Governor’s Chief Economist Delivers Loeschner Lecture

Governor’s Chief Economist Delivers Loeschner Lecture

Mischa FisherMischa FisherData can help tackle intractable problems such as healthcare, crime, and unemployment, economist Mischa Fisher said during the Ray and Nancy Loeschner Leadership series lecture at Northwestern University.  

Fisher, chief economic advisor to Illinois Governor Bruce Rauner, discussed many ways data can improve public decision-making and touted the benefits the scientific process in a 90-minute presentation at Northwestern’s School of Education and Social Policy.

“Using these (data analysis) tools requires looking at the world in a particular way,” Fisher said. “There isn’t necessarily a right answer in many of the measurements; both are right and both are wrong. But then, that’s just a general life lesson.”

Fisher was the third speaker in the Loeschner Leadership series, which presents visionary leaders in education and other fields. Wendy Kopp, the founder of Teach for America, helped launch the series in 2013. Eva Moskowitz, CEO of Success Academy Charter Schools, spoke in 2015.

The lecture was established with a gift from SESP alumnus Ray Loeschner (MA57) of Grand Rapids, Michigan, the former president of Olivet University and a trailblazer in higher education. Loeschner (pictured below) also received his PhD from Northwestern in 1962 and served as an assistant football and track coach.

Ray Loeschner“Developing leadership in all walks of life is what Northwestern does best,” said Loeschner, who attended the event with his daughter, Amy Keane, and was introduced by SESP Dean David Figlio.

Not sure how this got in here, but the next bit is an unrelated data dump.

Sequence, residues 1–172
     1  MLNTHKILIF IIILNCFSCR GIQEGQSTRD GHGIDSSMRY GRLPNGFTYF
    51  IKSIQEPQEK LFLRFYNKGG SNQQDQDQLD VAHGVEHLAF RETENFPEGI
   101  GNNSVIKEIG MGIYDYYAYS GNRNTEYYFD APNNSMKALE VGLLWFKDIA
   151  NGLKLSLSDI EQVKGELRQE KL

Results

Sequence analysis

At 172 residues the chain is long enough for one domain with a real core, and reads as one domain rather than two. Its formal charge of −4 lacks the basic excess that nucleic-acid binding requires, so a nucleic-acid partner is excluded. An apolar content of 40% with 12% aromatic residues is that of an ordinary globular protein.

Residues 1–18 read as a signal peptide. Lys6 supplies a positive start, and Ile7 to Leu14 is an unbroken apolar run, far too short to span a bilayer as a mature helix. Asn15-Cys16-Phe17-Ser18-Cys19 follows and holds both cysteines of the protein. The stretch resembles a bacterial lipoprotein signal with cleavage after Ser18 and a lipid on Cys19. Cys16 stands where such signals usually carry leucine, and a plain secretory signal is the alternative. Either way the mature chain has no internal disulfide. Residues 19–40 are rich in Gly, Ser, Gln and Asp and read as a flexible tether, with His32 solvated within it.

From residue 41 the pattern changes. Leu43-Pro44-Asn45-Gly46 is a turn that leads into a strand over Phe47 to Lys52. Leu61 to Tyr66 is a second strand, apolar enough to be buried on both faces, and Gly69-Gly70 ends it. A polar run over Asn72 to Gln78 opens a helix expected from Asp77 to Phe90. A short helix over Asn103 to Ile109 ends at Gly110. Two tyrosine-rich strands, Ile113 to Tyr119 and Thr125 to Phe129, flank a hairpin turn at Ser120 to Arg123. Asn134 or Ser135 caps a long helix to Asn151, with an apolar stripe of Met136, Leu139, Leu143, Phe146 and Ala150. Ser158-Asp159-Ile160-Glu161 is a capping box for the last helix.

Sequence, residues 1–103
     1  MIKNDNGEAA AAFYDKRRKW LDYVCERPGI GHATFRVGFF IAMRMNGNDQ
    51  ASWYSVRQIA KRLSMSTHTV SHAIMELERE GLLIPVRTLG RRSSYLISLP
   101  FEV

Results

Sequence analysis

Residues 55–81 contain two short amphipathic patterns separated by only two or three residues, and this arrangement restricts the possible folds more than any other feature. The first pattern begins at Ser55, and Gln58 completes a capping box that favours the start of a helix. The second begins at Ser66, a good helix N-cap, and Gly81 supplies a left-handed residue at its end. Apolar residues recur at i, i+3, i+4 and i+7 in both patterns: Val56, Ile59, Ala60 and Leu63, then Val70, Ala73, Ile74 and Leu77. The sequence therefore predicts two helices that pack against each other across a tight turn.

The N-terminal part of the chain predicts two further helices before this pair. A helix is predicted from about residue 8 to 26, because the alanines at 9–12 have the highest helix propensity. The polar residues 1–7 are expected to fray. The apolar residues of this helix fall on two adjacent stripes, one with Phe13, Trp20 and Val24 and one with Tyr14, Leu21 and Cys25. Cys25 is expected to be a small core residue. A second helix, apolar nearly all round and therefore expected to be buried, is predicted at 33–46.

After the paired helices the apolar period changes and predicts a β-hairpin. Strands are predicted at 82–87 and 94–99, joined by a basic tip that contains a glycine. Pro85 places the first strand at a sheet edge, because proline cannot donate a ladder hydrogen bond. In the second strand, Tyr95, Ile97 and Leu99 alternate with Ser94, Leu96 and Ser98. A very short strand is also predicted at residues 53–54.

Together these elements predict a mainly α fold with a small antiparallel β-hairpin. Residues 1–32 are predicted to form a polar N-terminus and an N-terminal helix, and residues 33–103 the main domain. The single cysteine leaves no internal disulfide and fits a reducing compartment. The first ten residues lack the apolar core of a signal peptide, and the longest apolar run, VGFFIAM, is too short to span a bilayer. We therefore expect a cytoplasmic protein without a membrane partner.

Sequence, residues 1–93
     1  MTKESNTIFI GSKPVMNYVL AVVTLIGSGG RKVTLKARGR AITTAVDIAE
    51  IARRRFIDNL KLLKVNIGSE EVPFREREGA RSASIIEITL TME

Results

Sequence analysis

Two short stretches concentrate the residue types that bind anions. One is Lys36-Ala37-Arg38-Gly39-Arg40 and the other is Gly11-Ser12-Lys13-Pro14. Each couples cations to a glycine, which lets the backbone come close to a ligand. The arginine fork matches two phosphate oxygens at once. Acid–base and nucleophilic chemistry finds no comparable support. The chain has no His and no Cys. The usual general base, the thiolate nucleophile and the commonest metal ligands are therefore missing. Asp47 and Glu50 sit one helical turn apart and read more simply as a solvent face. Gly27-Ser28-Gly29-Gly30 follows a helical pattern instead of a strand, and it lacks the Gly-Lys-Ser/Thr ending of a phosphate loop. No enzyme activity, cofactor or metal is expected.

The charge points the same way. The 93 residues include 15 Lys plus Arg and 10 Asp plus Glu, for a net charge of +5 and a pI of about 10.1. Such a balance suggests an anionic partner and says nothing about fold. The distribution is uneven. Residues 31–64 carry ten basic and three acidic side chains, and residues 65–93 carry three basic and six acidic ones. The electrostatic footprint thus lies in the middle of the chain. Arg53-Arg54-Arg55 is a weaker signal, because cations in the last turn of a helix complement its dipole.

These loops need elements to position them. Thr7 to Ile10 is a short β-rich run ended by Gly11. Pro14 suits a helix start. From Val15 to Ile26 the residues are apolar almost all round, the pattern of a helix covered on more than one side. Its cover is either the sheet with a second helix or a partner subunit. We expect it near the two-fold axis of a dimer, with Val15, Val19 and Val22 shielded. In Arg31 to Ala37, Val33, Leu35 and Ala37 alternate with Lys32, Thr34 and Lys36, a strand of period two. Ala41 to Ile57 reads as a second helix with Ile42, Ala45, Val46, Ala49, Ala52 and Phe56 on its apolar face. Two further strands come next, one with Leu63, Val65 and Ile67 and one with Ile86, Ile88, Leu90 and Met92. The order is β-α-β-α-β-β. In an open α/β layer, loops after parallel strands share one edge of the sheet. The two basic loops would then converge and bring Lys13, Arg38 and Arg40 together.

Fisher, an expert in data-driven policymaking, emphasized the ways data can help formulate better questions to get more meaningful answers. It also can provide a path to compromise, he said.

But like every tool, data is a mixed bag. “Don’t take anything at face value. You can always poke holes in things,” Fisher said. “A complete look at something requires understanding the absolutes, trends, deviations, and rates. The world is a complex place.

“Dogma works sometimes – it saves you from having to think,” he added. “But it doesn’t answer all the questions in a cohesive way.”

Fisher encouraged students to enter the public sphere where he said they can truly make an impact. Most people in public policy have good intentions, he said, and data can help illuminate their efforts.

“Learn this stuff really well, and go out and help fix some of these problems,” he said. “Things like healthcare are a mess, but now you have some new tools to think about.”

Ayah Kamel, a doctoral student in the Human Development and Social Policy program, said she appreciated the chance to hear how a senior-level government official is thinking about quantitative issues.

“It makes our research more relevant when people in the policy world are speaking the same language,” she said.

Alumnus Chuck Friedman (BS88), senior vice president at Microsoft, will speak at the next Loeschner Leadership Series lecture event on April 10, 2018.


By Julie Deardorff
Last Modified: 2/6/18